”There’ll always be demand for secondhand clothing,” says Eric Stubin, who reads widely about Africa, ”because unfortunately the world is becoming a poorer and poorer place. Used clothing is the only affordable means for these people to put quality clothing on their body. ” Edward Stubin agrees. ”I have a quote: ‘We can deliver a garment to Africa for less than the cost of a stamp. ”’ Trans-Americas’ five-story brick building stands a block from the East River wharves in Greenpoint, Brooklyn.
Inside, 60,000 pounds of clothes a day pour down the slides from the top floor, hurry along conveyor belts where Hispanic women stand and fling pieces into this bin or down that chute, fall through openings from floor to floor and land in barrels and cages, where they are then pressure-packed into clear plastic four-foot-high bales and tied with metal strapping — but never washed. Whatever charming idiosyncrasy a pair of trousers might have once possessed is annihilated in the mass and crush. Not only does the clothing cease to be personal, it ceases to be clothing.
Watching the process of sorting and grading feels a little like a visit to the slaughterhouse. ”We get the good, the bad and the ugly,” Eric Stubin tells me as we tour the factory. ”Ripped sweaters, the occasional sweater with something disgusting on it, the pair of underwear you don’t want to talk about. We’re getting what the thrifts can’t sell. ” There are more than 300 export categories at the factory, but the four essential classifications are ”Premium,” ”Africa A,” ”Africa B” and ”Wiper Rag. ” ”Premium” goes to Asia and Latin America.
”Africa A” — a garment that has lost its brightness — goes to the better-off African countries like Kenya. ”Africa B” — a stain or small hole — goes to the continent’s disaster areas, its Congos and Angolas. By the time a shirt reaches Kisangani or Huambo, it has been discarded by its owner, rejected at the thrift shop and graded two steps down by the recycler. Standing in Trans-Americas’ office, with wooden airplane propellers hanging next to photographs from Africa, Eric Stubin casts a professional eye on Susie Bayer’s T-shirt.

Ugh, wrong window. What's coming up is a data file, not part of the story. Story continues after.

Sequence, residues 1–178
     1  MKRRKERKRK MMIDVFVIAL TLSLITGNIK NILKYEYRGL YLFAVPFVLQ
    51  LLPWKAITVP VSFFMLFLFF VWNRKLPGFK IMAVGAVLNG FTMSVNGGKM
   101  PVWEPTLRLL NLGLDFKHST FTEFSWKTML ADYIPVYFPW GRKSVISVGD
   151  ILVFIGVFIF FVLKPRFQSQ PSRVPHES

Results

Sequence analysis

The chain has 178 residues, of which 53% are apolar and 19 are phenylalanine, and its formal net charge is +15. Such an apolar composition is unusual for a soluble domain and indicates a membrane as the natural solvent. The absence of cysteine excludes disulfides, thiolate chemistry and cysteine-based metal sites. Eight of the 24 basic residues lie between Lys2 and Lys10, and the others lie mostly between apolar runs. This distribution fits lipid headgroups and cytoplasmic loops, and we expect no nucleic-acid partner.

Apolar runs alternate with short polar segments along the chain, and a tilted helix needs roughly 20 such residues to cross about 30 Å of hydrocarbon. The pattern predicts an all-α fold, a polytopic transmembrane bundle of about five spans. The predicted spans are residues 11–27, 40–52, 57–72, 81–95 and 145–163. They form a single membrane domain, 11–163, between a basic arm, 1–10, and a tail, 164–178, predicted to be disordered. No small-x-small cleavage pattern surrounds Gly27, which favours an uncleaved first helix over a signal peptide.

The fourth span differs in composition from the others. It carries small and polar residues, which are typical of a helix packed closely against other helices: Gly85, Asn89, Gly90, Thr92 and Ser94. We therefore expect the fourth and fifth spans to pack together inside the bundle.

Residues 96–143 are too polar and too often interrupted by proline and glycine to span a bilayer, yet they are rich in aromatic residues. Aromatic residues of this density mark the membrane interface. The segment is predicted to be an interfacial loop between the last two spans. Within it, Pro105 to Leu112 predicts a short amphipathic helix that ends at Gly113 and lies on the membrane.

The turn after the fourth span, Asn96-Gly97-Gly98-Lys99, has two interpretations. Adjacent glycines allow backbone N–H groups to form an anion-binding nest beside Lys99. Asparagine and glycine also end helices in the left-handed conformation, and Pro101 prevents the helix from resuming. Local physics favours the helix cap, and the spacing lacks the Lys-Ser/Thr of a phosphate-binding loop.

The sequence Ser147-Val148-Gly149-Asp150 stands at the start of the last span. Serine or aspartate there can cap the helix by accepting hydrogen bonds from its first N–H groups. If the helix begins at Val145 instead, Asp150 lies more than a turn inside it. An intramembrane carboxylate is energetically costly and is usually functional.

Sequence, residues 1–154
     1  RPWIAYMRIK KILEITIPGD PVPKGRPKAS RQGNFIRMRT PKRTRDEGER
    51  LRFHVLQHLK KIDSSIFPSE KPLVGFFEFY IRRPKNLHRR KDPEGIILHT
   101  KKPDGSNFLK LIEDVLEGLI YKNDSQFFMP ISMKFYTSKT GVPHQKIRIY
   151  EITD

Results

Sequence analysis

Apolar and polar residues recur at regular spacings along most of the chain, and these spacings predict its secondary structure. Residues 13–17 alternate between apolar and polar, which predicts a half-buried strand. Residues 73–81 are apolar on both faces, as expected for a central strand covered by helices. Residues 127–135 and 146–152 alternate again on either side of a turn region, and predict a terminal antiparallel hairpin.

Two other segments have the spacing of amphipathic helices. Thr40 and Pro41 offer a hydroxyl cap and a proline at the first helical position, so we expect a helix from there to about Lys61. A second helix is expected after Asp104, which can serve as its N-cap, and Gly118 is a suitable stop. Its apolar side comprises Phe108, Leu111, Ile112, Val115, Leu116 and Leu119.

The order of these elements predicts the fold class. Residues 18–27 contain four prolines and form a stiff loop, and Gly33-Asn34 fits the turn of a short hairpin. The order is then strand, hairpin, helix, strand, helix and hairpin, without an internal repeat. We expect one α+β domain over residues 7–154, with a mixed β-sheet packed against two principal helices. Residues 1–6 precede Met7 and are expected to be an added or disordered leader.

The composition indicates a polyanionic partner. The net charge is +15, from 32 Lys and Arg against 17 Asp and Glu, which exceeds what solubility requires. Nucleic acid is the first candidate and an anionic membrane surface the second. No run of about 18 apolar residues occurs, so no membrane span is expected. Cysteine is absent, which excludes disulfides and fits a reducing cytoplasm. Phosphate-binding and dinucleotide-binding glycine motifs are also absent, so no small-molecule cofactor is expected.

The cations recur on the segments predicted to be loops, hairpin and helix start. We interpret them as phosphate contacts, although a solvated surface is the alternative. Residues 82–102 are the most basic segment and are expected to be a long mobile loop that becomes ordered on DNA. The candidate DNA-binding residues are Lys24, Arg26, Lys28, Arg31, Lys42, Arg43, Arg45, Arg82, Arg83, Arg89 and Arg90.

In a week, a 54,000-pound container of used clothes will set sail on the steamship Claudia, destination Mombasa, Kenya. Stubin spots a pink stain on the belly of the T-shirt below the university logo and tosses the shirt aside. ”Africa,” he says. But there are many Africas, and used clothing carries a different meaning in each of them. Christianity tenderized most of the continent for the foreign knife, but the societies of Muslim West Africa and Somalia are bits of gristle that have proved more resistant to Western clothes. In warlord-ridden, destitute Somalia, used clothing is called, rather contemptuously, huudhaydh — as in, ”Who died?
” A woman in Kenya who once sold used dresses told me that not long ago Kenyans assumed the clothing was removed from dead people and washed it carefully to avoid skin diseases. In Togo, it is called ”dead white man’s clothing. ” In Sierra Leone, it’s called ”junks” and highly prized. In Rwanda, used clothing is known by the word for ”choose,” and in Uganda, it used to be called ”Rwanda,” which is where it came from illegally until Uganda opened its doors to what is now called mivumba. At the vast Owino market in downtown Kampala, Uganda’s capital, you can find every imaginable garment, all of it secondhand.
Boys sit on hills of shoes, shining them to near-newness, hawkers shout prices, shoppers break a sweat bargaining, porters barge through with fresh bales on their heads. When the wire is cut and the bale bursts open like a pinata, a mob of retailers descends in a ferocious rugby scrum to fight over first pick. Between the humanity and the clothes there is hardly room to move. The used-clothing market is the densest, most electric section of Owino — the only place where ordinary Africans can join the frenetic international ranks of consumers.